Every one of your séances has an interesting cast of characters, from the dead that you are trying to conjure to the participants. Who do you think is more crucial and why?
It’s 100% the participants. With a live séance, you are going to hear real stories about what happened to the “dead”. With Evoke, I’m not telling you very much about the person and how they died. I’m trying to see if the people can guess details about their lives. All of the participants make the séance. It’s not the story, it’s not anything else it’s all of you that make it.
I want to see what everyone is able to do. A séance is all about the group dynamic and the collective unconscious and working together as a team. It’s about people’s reactions and freestyling, that’s what makes it good. If something happens to someone during the séance, like a door opens, we have to capitalize on it. The strength is in the participation. That is what changes the direction the séance is going in. Sometimes people will tell me about things that they experienced after, and I wish that they had told me at the séance. The hardest thing at times is getting people to talk.
What do you actually know about your audience before the séance begins?
Nothing. The thing that is the most fun for me is creating the group dynamic. There are always going to be true skeptics and true believers, people from all walks of life, especially with Evoke.
Which type of séance requires more energy – the live séance or the virtual séance?
The live séance takes more out of me because they are such big experiences and because I have to run around a lot. They are two hours versus Evoke which is about 45 minutes to an hour. On Zoom, I’m also in one spot.
I go in wondering if anything will work and if anyone will get any of the details right. When things start going right and I know that something is going to work, I get really excited. That’s always the scary part. It depends on the group dynamic and what they are willing to put into it. I find it is harder to get people excited on Zoom because I’m not in person there with you. It’s also harder to read people, because I’m only seeing people’s faces and they are in the dark. I think the more I do this, the more I’ll understand what I’m looking for. When you are at a live séance, you really can’t watch everyone else because you are paying attention to the environment and anticipating what may happen.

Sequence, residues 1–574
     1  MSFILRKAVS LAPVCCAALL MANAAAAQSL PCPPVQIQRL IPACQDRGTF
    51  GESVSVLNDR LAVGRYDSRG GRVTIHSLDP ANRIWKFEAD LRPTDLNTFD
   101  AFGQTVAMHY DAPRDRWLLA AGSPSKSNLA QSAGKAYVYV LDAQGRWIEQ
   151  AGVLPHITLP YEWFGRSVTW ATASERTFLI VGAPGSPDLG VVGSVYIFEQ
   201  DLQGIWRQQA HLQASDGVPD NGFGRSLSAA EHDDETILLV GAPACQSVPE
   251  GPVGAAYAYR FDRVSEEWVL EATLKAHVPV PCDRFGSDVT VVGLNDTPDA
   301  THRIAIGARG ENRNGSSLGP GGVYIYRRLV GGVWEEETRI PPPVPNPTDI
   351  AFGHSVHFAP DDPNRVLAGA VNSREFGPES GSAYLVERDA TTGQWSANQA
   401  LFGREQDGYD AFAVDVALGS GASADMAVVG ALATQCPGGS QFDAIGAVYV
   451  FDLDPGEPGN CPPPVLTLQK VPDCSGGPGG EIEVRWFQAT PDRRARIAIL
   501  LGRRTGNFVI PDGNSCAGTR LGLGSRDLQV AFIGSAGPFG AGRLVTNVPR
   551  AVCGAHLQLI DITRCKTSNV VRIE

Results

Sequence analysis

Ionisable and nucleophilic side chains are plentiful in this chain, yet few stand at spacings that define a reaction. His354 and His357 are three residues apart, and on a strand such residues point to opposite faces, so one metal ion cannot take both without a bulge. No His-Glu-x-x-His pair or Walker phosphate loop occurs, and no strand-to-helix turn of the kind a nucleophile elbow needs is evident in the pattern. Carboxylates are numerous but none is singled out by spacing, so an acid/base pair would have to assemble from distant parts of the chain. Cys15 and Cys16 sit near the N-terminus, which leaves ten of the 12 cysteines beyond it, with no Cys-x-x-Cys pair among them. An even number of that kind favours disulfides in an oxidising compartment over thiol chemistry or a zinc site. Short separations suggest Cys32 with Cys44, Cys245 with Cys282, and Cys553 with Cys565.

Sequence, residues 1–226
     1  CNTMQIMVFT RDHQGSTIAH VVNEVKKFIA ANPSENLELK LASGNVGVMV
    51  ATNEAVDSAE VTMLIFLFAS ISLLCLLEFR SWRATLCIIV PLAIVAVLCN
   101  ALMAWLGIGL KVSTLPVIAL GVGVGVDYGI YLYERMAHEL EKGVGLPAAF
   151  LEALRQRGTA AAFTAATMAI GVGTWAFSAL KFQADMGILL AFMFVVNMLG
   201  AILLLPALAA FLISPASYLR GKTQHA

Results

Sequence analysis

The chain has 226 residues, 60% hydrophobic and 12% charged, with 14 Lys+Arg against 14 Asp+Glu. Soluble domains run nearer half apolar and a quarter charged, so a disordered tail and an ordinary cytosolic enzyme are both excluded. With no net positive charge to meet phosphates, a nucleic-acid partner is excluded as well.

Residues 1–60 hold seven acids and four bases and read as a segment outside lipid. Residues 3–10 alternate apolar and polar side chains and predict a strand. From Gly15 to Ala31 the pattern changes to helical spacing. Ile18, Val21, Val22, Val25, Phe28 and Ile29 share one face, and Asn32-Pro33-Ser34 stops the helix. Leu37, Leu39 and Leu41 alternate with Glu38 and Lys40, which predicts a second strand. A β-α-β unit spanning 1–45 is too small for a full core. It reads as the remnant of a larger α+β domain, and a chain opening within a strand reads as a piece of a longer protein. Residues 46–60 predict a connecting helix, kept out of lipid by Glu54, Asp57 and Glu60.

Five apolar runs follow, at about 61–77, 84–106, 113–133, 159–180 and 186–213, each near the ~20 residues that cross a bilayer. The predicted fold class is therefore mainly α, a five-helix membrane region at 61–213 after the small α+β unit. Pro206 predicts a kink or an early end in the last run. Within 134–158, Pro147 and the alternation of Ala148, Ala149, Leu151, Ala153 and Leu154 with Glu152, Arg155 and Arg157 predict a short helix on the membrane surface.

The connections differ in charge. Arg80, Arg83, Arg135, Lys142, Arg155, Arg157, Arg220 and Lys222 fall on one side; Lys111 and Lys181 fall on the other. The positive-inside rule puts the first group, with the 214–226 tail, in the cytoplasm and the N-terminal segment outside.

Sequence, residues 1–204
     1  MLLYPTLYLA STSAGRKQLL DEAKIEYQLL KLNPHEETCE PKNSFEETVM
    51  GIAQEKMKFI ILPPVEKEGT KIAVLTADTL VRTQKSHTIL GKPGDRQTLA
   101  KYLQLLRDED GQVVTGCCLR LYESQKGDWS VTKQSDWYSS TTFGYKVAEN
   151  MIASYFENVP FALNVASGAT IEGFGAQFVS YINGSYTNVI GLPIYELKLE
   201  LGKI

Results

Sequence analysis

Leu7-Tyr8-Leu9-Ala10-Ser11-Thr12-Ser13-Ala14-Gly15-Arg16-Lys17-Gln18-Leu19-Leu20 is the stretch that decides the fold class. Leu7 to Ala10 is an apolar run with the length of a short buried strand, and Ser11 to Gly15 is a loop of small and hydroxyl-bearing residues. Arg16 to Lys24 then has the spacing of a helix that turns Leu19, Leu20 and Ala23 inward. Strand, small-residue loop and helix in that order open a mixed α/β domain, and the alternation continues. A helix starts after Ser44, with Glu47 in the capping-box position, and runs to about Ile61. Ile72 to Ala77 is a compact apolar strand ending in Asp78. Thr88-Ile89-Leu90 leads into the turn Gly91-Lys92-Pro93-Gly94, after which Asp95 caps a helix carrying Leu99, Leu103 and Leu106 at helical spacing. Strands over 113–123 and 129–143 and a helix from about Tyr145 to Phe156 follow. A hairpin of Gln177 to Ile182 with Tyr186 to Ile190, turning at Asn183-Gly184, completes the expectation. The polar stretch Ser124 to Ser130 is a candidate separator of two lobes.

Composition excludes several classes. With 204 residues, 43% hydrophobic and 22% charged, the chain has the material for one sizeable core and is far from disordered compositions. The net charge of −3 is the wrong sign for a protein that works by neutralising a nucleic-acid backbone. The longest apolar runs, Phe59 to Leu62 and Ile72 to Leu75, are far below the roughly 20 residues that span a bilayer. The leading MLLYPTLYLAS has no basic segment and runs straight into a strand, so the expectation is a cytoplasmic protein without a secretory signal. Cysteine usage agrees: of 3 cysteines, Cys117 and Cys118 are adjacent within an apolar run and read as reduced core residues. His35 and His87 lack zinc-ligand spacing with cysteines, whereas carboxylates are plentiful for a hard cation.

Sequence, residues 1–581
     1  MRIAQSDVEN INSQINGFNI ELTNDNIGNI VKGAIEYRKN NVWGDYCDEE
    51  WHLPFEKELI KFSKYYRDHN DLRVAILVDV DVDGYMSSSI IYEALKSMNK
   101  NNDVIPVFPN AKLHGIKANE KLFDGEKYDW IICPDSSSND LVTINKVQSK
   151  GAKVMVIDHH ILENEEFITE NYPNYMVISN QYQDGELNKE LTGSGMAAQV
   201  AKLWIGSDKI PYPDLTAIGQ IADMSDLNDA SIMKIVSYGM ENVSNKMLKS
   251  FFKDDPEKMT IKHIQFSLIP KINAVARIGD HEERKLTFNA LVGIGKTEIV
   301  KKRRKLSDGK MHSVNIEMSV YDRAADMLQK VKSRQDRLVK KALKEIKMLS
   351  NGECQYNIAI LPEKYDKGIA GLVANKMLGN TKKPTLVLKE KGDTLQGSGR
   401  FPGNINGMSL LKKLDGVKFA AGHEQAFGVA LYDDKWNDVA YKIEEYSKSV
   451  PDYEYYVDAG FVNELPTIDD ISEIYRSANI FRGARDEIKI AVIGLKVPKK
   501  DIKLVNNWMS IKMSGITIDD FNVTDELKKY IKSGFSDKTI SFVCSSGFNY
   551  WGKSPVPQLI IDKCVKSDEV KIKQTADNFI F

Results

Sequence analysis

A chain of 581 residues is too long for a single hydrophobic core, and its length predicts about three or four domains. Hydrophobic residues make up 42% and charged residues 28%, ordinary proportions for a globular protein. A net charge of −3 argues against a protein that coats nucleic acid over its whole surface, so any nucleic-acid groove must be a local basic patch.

How different is it for you trying to read the group dynamic virtually?
At a traditional séance, I have to pay attention because people have free reign of the house. With Evoke, it’s completely about us. It’s about your experience at home, how you feel and I’m playing off of that. If you are interested in psychology, it is interesting to watch how people think and act. With a my live séance, there is a lot more going on – people are running around from room to room. With Evoke, everybody is together. It’s cool to see and a very different perspective. You are putting people in a weird situation and seeing what happens.
Zoom presents some challenges because I can’t necessarily see people on the screen all at once. You are looking for small visual cues with people and that can be a challenge with the Zoom tiles. I’m trying to find out who is reacting and it’s harder to pick up on who I think is going to work because I can’t see it. Picking the right person for each step of the séance is also hard.
Why do you think so many people want to believe in ghosts and the paranormal?
I think it’s because people want to believe that there is something more out there. You don’t want this to be it. Just think about losing a loved one or someone close to you. You need to believe that some-how they will be with you forever.
If somebody else doesn’t believe in the paranormal, that’s not a bad thing either. Everyone has their own views but hopefully, they are open to others. I’ve heard ghost stories and I’ve had things happen to me, but I try to stay neutral. I think for my job that I have to be somewhere in the middle of skeptic and believer. That works out well for my séances because I am open-minded to everyone and I don’t dismiss anything.
Here is what you need to know about Evoke:
Dates: Until November 28th, 2020
Duration: Approximately 45 minutes
Group Size: 10 people
Price: $24.99 per person (Private group up to 10 ppl – save 20%)
For more information and to buy tickets, visit jaymeswhite.com